What is Torticollis:

Torticollis is a condition involving muscles of the neck and is common in infants.  Increased muscle tension in the neck muscles cause an infants head to tilt.

Torticollis can occur at birth (congenital muscular torticollis) or it can be developed after birth (acquired torticollis). Acquired torticollis typically occurs in the first four to six months of life.

Possible causes of Torticollis:

  • Torticollis may be caused by tightness in the muscle on one side
  • Common possible causes of Torticollis include:
    • Large birth weight or length, breech position, decreased amount of amniotic fluid, Mother’s 1st pregnancy, trauma at birth, use of forceps at delivery, gastroesophageal reflux disease (GERD), positioning after birth such including time spent in a stroller, car seat, or swing.

What Torticollis Looks Like

  • Your baby’s head tilts to one side with their chin pointed to the opposite shoulder. In about 75% of babies with torticollis, the right side is affected
  • Your baby’s head doesn’t turn side to side or up and down easily.
  • You feel a soft lump in your baby’s neck muscle.
  • Your baby prefers to look over the shoulder at you. Their eyes don’t follow you because that would require turning their head.
  • They have trouble breastfeeding on one side or prefers to feed on one side only.
  • Your baby works hard to turn toward you, struggles to turn their head all the way, and becomes upset because movement is hard.
  • They might start getting a flat head on one side or both sides from lying in one position all the time.

Things to help your baby:

  • Exercises/Stretches
  • Repositioning — If you are noticing your baby prefers to look one direction over the other, try some repositioning techniques!
    • Alternate sides during feeding
    • Sleep position
    • Tummy time
      • Recommended minimum of 60 minutes per day – start in short spurts and work up Baby’s time to increase endurance
        • Baby does not like their tummy? There are different ways to stimulate the same muscle groups without placing baby on their tummy. For example, prop baby over a poppy pillow
        • Check out this video for more ideas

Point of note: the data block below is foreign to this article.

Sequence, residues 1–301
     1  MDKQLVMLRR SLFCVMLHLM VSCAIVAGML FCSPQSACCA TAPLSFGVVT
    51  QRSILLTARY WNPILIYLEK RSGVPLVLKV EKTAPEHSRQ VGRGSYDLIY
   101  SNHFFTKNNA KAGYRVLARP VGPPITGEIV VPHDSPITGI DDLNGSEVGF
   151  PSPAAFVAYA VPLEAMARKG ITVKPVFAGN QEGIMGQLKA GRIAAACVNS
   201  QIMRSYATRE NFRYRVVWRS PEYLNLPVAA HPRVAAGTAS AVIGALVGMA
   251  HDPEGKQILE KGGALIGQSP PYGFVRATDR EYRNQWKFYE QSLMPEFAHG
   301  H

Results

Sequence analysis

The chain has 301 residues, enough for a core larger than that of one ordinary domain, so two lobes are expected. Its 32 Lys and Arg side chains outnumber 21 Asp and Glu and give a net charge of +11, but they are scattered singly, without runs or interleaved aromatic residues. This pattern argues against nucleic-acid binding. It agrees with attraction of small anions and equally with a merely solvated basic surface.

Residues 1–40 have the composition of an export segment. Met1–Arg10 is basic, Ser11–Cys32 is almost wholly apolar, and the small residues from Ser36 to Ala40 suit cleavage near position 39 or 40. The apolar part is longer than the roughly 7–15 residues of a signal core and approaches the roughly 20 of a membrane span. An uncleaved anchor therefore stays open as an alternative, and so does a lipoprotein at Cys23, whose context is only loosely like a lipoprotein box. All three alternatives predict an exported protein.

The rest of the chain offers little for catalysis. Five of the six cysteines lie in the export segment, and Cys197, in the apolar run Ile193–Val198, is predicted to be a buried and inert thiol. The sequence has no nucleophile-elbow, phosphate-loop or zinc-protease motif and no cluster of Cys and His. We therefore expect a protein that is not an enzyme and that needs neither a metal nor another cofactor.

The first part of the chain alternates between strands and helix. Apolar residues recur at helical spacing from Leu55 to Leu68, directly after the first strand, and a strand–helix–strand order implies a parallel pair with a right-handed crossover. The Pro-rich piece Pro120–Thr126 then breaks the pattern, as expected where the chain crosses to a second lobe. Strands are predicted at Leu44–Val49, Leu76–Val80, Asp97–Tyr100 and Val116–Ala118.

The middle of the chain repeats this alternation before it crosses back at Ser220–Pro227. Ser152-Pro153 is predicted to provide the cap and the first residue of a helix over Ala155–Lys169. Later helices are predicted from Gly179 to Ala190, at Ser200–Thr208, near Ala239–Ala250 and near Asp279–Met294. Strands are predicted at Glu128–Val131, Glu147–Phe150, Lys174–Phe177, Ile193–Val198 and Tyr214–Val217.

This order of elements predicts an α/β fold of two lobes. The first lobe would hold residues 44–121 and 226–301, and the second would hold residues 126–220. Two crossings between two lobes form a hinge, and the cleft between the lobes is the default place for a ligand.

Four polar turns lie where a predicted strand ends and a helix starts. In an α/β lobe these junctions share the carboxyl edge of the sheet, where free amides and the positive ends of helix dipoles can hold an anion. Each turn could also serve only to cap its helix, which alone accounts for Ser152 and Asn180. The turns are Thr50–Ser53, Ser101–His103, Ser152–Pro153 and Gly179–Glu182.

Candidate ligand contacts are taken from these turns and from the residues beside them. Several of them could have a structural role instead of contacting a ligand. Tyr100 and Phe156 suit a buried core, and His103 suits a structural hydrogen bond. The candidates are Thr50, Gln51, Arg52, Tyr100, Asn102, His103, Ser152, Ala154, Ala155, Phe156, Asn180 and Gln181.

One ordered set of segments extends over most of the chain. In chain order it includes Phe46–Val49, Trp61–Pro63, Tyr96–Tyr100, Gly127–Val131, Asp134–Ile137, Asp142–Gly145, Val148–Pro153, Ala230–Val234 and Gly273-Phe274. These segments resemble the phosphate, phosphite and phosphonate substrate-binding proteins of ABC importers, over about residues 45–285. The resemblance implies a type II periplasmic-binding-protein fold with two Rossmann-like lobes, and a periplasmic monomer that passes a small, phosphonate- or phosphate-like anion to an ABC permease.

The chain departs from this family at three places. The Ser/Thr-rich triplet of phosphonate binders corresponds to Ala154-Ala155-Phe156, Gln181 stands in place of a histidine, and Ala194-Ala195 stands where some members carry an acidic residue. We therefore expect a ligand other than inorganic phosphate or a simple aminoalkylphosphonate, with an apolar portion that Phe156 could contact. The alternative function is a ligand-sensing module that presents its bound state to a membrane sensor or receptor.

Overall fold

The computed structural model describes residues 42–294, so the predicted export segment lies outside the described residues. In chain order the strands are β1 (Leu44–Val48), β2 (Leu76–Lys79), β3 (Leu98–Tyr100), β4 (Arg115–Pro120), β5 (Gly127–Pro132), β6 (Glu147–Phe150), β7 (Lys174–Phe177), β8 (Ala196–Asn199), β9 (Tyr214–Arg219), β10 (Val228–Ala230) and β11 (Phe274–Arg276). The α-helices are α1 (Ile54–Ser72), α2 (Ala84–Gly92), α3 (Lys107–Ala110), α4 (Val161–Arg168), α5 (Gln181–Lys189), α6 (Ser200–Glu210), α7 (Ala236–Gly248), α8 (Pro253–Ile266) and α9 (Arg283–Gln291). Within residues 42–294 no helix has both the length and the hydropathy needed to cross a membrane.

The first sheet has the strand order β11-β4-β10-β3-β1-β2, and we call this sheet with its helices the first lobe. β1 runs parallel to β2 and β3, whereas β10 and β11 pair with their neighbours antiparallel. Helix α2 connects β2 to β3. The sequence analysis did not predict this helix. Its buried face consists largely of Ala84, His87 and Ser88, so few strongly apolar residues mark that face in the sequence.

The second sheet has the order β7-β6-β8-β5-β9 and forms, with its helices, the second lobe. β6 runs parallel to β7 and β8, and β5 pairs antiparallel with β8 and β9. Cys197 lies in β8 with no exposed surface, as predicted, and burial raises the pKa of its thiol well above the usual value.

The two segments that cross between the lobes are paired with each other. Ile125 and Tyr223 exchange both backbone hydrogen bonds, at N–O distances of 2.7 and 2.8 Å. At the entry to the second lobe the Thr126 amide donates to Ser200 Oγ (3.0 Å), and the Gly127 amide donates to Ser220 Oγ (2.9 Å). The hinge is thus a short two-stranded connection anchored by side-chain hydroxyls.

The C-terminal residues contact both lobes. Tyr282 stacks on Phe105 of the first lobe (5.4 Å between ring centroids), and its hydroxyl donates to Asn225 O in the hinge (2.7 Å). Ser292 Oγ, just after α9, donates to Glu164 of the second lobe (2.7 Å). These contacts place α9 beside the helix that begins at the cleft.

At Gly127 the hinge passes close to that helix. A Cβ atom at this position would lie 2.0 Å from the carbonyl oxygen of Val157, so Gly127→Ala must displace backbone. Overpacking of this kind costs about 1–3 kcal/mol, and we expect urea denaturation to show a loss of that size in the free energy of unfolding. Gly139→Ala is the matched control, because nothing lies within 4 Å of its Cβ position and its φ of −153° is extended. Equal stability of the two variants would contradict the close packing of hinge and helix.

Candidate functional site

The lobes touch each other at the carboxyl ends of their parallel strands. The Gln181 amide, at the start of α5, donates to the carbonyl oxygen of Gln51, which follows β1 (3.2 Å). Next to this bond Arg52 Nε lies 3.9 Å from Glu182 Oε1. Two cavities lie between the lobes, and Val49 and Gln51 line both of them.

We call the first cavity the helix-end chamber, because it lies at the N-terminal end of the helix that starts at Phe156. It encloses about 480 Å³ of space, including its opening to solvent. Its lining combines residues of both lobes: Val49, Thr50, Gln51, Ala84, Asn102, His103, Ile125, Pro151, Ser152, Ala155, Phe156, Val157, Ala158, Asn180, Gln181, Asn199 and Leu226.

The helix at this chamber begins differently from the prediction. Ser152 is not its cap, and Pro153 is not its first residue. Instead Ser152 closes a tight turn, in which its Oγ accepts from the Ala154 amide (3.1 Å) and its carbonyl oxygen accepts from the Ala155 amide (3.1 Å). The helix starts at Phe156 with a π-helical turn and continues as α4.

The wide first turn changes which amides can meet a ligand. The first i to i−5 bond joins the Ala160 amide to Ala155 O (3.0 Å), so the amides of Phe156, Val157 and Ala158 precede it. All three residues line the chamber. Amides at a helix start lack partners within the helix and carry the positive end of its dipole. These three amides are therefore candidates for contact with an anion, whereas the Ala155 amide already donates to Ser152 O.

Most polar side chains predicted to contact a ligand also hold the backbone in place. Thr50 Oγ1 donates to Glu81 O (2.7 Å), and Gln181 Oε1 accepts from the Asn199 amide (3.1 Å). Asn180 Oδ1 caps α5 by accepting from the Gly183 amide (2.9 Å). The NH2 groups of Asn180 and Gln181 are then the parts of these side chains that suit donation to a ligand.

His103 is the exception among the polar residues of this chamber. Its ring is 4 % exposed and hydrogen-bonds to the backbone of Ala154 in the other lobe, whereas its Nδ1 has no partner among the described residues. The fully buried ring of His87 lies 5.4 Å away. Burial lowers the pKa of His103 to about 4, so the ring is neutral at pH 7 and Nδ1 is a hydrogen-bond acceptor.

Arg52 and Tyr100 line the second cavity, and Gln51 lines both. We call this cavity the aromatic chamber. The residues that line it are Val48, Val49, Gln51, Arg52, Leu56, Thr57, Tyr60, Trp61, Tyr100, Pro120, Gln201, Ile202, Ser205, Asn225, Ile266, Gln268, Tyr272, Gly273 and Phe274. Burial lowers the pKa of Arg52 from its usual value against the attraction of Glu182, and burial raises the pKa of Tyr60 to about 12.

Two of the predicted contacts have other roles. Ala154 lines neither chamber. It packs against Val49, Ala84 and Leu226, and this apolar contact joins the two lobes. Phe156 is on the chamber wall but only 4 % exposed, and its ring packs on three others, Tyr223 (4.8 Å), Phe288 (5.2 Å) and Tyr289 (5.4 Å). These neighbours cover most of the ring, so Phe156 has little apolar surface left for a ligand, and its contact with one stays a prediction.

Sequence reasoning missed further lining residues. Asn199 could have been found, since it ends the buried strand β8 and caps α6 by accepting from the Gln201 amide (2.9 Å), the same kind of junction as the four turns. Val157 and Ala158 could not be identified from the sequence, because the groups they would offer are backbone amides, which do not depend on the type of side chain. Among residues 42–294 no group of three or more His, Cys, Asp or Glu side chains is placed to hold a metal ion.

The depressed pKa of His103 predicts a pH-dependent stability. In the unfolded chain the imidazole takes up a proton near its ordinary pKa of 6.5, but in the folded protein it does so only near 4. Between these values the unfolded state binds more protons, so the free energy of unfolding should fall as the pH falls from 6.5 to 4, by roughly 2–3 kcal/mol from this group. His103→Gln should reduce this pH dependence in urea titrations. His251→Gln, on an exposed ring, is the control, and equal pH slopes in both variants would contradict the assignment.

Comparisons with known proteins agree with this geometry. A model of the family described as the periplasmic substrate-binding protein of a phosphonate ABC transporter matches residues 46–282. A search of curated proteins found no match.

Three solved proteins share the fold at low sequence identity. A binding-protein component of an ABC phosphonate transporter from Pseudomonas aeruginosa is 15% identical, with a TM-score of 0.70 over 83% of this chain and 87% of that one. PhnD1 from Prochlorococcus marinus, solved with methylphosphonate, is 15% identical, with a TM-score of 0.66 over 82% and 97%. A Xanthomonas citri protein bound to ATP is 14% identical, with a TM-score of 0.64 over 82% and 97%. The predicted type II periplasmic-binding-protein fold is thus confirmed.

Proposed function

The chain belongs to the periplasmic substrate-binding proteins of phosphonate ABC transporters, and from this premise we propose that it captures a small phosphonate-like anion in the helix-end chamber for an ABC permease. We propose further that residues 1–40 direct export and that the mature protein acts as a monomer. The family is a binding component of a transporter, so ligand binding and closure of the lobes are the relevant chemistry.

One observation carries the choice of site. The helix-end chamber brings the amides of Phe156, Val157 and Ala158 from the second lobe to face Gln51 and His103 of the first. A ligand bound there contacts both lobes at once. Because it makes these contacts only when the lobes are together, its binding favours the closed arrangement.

• Limit time spent in equipment
      • Stroller, car seat, swing, etc.

What an Appointment will look like

  • At the initial examination, the Physical Therapist will take a detailed history including pregnancy history, labor and delivery history, baby’s head posture and preferences, developmental mile stones.
  • The Physical Therapist will observe your baby’s movements in various positions like baby’s tummy, back, and in sitting. The Physical Therapist will assess baby’s neck and shoulder motion, screen for hip dysplasia, assess the sternocleidomastoid muscle, look at baby’s head shape, and screen reflexes and age-appropriate motor milestones.

What to expect:

The sooner treatment is initiated, the better. If treatment is initiated at 3 months old, intervention time will typically last 1.5 to 3 months. If treatment is initiated past 3 months old, intervention may range between 3 to 6 months. Once treatment is started, be prepared to check-in with your therapist up to 1 year following therapy to ensure your baby is growing and developing to their best ability.

Author: Devery Huddleston PT, DPT

Call to schedule an appointment with one of our Pediatric Therapists today – (307)686-8177


1. Brennan, D. What is Torticollis? Webmd. October 14, 2020. https://www.webmd.com/parenting/baby/what-is-torticollis#1

2. Torticollis. Boston Children’s Hospital. https://www.childrenshospital.org/conditions-and-treatments/conditions/t/torticollis

3. Five Essential Tummy Time Moves, How To Do Tummy Time. https://pathways.org/watch/five-essential-tummy-time-moves-how-to-do-tummy-time/

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